The Australian not-for-profit (NFP) sector is transitioning towards a social enterprise model driven by funding and cost pressures.

    A study of applications to the Westpac Foundation's Catalyst Grant Program by Dr Danielle Logue, researcher at UTS Business School and co-author Dr Gianni Zappala, has found that 70 per cent of organisations have a three or five-year plan to become more commercial.

    This has been driven primarily by a strain on resources and a desire to fill the funding gap between government and philanthropic support as well as cover the growing costs associated with increased demand for their services. 

    The study identified the emergence of new types of organisations and financial products, namely impact investing, socially responsible investment and social enterprises. These are forming to create a “social economy”, the report said, with NFP structures now one model within this broader ecology.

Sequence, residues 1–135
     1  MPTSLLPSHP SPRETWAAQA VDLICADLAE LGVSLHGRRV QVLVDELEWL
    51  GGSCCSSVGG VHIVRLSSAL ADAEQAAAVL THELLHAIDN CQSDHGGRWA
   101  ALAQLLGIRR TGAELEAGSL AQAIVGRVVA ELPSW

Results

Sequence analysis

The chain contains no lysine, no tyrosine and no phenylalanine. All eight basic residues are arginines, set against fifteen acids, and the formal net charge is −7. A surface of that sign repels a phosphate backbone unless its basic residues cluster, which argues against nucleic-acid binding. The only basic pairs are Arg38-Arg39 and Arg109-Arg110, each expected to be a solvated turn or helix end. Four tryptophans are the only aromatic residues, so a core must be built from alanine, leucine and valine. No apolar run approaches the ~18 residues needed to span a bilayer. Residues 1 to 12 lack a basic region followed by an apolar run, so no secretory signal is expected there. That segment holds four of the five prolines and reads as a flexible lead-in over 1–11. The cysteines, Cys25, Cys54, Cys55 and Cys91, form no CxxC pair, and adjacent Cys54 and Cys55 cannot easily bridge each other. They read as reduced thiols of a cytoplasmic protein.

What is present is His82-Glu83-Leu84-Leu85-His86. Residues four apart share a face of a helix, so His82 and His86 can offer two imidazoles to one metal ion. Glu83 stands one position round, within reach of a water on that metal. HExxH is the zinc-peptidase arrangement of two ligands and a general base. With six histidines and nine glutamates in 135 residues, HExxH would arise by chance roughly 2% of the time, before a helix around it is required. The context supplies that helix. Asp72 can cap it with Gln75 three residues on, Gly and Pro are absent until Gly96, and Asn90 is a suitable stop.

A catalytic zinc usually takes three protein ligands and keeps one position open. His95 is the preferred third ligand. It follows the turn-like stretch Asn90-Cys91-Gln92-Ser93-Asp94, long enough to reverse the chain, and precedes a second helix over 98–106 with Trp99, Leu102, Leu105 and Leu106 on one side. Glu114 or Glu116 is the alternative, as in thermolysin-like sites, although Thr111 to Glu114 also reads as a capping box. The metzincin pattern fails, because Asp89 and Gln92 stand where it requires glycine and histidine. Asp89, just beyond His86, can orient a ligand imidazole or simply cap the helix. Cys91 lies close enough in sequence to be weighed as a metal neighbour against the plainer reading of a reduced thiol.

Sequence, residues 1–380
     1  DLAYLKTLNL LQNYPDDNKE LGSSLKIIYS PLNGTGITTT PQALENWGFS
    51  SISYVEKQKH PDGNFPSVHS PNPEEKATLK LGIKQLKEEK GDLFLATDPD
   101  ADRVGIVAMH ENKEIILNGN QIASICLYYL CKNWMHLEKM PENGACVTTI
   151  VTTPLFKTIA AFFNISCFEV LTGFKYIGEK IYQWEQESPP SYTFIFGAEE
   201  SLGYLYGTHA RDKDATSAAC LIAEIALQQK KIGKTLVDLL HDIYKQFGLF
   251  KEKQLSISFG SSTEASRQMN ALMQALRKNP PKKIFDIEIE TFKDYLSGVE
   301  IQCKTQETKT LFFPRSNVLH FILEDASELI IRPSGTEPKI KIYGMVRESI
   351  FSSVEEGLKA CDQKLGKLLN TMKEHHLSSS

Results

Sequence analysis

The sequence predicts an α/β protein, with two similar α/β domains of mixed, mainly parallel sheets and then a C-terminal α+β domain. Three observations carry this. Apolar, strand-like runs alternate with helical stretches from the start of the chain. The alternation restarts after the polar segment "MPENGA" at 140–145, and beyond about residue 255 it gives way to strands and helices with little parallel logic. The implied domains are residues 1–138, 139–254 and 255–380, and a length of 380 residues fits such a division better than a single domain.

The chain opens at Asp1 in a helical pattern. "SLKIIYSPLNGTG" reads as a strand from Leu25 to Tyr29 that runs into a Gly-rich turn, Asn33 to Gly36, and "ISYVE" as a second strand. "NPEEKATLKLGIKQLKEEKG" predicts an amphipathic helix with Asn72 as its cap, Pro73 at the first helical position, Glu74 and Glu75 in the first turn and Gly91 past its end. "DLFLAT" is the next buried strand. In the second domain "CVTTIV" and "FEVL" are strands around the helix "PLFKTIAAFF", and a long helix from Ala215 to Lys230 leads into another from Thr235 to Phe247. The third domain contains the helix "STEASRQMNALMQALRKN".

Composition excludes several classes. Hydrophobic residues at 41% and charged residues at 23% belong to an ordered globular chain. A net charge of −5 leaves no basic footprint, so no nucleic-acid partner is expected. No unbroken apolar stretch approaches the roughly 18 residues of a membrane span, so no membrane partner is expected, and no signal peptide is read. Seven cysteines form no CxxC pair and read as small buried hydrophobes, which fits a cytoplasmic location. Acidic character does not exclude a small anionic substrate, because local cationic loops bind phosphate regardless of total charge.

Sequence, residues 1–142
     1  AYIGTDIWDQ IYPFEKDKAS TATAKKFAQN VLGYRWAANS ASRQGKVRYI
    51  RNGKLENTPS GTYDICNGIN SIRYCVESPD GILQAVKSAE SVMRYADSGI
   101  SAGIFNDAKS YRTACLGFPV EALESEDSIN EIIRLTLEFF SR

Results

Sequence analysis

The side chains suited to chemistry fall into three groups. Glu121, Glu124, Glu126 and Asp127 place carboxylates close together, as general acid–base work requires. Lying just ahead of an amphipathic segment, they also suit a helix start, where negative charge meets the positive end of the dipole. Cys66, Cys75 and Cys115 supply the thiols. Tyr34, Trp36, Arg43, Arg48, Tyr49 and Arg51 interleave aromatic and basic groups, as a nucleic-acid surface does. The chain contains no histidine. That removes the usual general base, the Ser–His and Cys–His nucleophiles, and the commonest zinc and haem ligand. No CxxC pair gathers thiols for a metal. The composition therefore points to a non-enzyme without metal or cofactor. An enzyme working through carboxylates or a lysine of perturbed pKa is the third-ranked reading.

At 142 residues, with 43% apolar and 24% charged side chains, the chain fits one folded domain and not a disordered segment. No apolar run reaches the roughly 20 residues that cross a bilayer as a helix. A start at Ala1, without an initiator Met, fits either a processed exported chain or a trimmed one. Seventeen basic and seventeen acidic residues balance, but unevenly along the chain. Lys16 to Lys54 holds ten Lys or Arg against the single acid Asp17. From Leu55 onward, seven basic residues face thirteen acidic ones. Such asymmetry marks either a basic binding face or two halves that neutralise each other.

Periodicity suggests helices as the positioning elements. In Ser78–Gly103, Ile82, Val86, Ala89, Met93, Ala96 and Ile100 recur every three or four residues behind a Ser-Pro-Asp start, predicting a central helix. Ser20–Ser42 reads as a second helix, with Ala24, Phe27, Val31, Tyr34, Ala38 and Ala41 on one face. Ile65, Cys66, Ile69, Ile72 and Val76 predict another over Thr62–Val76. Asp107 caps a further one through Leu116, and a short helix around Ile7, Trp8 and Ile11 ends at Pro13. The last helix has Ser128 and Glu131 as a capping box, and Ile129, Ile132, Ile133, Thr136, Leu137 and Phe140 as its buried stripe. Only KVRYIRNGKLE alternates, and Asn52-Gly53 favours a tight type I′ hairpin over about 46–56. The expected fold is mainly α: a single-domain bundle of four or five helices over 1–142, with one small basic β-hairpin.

Social enterprise is an alternative model to traditional NFPs and charities whose operation is reliant on external funding. It focuses on ways to generate revenue while the organisational mission remains focused on social benefit, Dr Logue said.

    The study identified that of the 132 grant applicants sampled, nearly 60 per cent reported financial challenges, including the rising cost of operations. One in four organisations reported challenges related to decreased government funding and support, while one in five also regarded staff retention and training as issues.

    However, while NFPs are looking at more effective and sustained methods of operation, the report also uncovered challenges organisations face in integrating “customers” and “beneficiaries” into one business model.

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